Sunday, August 10, 2008

Getting The Call

Maybe you've never gotten the call. Maybe you've gotten the call a number of times for different people. Maybe you've gotten it more than once for one person. Maybe you've gotten the call once and you hope to hell you never get it again.

I've gotten that call more than once. I wouldn't say a lot but really, in cases like this, isn't more than once more than enough? Sometimes it's not clear that it's the call. Sometimes it's all too clear, words like "now" and "hurry" and "we're sure" get sprinkled into even the shortest conversation.

It's not the sort of situation where the "crying wolf" story applies. I suppose it can. I suppose if someone gives you the call for a hangnail or a broken leg or a bad hair day then it they could be accused of crying wolf. I've been lucky, though, the people that call me have a feel for when it's the real deal and when it isn't.

When I was 17 the family called everyone in for my great grandmother. It was the most time I've ever had for such a thing. Grammy had a stroke in February and died in April, one month shy of her 101st birthday. For the month of February we trickled in to see her, usually in mixed up family groups which served to confuse her already scrambled brain. My cousins wound up there with my mother and I went up alone a week later. It was the first long car trip I ever took by myself. I got stopped behind a huge car accident, I had car trouble and had to get roadside assistance for the first time and when I showed up at my grandparents house there was nobody there. But they'd left me a note, a key and a lobster roll so I was all taken care of.

In May of 2001 I got the call for Biddy and I headed home as fast as I could get there but I didn't make it. By the time I arrived people were saying that there was no way I could have made it in time but I don't know that that had been clear at the time I got into my car. I didn't have a cell phone so it wasn't as if anyone could turn me back halfway, either. I was glad to be there with everyone anyway.

Auntie Blanche is still alive, such as it is. By Friday morning the people who had seen her Thursday night said she'd done a 180 degree turn for the better. Still, when ChemE saw her later that morning she called me and said, "It's good you're coming." I got there at 8:30pm and sat with her a bit while she slept. She was breathing relatively easily but so fast asleep that she didn't even wake when they took her vitals. On Saturday I spent the majority of the day with her. She was awake, she recognized some of us, she was happy to see Emily and give her a treat. She's not well, though, and I don't know that she ever will be again.

This is a woman who was walking over half a mile a day and teaching piano lessons in March. My anger at the turn of events and the actions of many of the people in charge knows no bounds. Yet, there's no place for it now because as angry as I am I am so much sadder.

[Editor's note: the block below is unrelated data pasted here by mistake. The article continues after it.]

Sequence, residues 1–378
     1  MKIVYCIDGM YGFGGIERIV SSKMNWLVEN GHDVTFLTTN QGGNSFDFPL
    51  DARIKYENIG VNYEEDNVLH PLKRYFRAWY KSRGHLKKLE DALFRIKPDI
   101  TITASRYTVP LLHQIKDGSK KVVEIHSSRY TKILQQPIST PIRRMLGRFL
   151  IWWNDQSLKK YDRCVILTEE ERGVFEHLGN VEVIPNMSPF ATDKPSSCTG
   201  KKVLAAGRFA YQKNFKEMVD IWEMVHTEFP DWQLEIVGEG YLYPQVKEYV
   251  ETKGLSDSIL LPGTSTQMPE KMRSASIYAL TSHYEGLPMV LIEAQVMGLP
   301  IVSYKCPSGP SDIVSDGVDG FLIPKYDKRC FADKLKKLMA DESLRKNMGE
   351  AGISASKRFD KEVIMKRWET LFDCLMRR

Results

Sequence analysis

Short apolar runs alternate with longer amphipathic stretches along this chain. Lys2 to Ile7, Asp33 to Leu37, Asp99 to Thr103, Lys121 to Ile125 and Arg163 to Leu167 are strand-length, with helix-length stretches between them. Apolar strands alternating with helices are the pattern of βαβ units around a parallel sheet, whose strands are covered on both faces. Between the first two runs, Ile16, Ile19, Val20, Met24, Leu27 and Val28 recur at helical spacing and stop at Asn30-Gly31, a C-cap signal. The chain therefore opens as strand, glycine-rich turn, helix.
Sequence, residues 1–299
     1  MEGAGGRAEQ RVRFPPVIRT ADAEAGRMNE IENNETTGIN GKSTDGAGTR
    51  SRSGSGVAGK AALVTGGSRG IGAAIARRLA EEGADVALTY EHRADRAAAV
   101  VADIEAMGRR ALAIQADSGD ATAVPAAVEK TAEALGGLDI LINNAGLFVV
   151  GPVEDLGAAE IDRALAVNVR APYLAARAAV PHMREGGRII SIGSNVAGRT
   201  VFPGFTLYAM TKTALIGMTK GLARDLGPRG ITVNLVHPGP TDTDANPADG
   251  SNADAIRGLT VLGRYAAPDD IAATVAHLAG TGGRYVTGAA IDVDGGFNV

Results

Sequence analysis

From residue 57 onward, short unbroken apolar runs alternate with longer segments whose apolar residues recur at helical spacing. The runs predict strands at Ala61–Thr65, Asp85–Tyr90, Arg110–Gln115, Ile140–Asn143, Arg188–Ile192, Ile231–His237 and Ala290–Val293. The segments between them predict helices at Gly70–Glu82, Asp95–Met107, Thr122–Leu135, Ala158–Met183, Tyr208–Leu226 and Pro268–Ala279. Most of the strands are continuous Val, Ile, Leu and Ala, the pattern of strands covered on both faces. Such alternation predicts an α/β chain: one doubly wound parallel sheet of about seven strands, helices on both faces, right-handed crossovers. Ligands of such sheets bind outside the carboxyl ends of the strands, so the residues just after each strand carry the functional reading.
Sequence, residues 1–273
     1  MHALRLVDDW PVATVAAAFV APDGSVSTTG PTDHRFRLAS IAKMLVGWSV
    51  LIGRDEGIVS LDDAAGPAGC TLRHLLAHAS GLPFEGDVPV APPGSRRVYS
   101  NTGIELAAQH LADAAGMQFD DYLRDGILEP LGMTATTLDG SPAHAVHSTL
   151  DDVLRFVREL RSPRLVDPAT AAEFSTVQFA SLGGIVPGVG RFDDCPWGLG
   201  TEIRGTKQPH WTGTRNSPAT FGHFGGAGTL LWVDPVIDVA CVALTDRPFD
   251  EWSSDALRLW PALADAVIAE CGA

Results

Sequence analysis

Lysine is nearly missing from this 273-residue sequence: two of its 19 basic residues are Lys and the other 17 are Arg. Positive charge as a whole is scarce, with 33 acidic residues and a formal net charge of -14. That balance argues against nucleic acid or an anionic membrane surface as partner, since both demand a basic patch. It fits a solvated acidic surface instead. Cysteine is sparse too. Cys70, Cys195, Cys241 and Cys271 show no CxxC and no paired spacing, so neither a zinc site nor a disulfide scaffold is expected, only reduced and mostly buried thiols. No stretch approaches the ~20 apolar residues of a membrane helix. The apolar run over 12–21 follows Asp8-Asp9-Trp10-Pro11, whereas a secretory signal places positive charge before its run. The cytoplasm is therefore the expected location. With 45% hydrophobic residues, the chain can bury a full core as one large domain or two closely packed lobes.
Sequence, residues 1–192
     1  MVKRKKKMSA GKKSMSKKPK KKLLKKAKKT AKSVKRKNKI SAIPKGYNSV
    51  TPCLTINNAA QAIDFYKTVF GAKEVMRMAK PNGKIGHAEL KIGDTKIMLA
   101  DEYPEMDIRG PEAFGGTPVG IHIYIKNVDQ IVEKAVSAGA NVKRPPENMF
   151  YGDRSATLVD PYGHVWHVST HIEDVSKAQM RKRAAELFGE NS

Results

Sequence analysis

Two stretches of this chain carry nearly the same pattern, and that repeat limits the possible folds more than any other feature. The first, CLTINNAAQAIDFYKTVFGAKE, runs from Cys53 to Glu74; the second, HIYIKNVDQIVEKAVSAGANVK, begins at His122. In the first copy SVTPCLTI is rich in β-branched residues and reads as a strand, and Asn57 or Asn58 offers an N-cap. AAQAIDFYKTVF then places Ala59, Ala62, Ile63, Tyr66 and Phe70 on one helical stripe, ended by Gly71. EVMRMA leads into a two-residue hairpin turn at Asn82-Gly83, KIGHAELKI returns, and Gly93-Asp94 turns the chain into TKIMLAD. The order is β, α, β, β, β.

I get uncomfortable thinking that people will think that I've cried wolf when, on Friday, I said that my grandmother was dying. I have to put that out of my judgment criteria, though, because that's their deal. Perhaps they haven't ever gotten the call or perhaps gotten it and never responded to it.

It's good that I went.

8 comments:

  1. I would hope that no one would be stupid enough to even entertain the thought that you were crying wolf. You responded to the information you were given and thankfully things improved.

    Although I'm sorry you had to go through all those emotions and the stress, I'm glad you had an opportunity to see her and that her condition improved.

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  2. There is no crying wolf in this situation (well, yeah, maybe for the hangnail...), only a phew! it wasn't as horrible as we thought, but visiting the people we love when we're worried about them is always a good idea anyway.

    I'm glad you got to visit; I am terribly sorry these are the circumstances.

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  3. I agree; no one who's ever been through anything even remotely like this would think that you're crying wolf. We do what we need to do for the people who need us - and who we need. Folks will either understand that or not, but that's not your problem to handle.. not even a little.

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  4. thing thing is, those who know you and love you absolutely know that you are the LAST person to cry wolf. and for those who may enteratain that though...pfffft. clearly they are not of your tribe.

    This part of the journey is hard. and painful. those of us who have been here before understand. We are your tribe. here. for you.

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  5. Put it WAY out of your judgment criteria! What else were you to think? One never knows with these things as things turn so quickly in these kinds of situations. I am really glad you went. That is what family is all about.
    I'm sending hugs and e chocolate...

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  6. Yes it's good you went. Crying wolf, as you've called it, is all about perspective.

    Getting the call sucks. I got the call too late when my Granny died, but I think she did that on purpose so I didn't see her as she died....I can remember her healthier.

    Go see her as much as you can. You'll be glad you did. She knows you're there even if it doesn't seem like it.

    Do you need anything? Let me know. Good Karma's on the way.

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  7. This is what I needed. Thanks for all of it. I'll be consuming mass quantities of chocolate and practicing indulgent self-care for a while.

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  8. I'm so sorry. Absolutely no crying wolf here. I think it's a good thing you went, too. Always.

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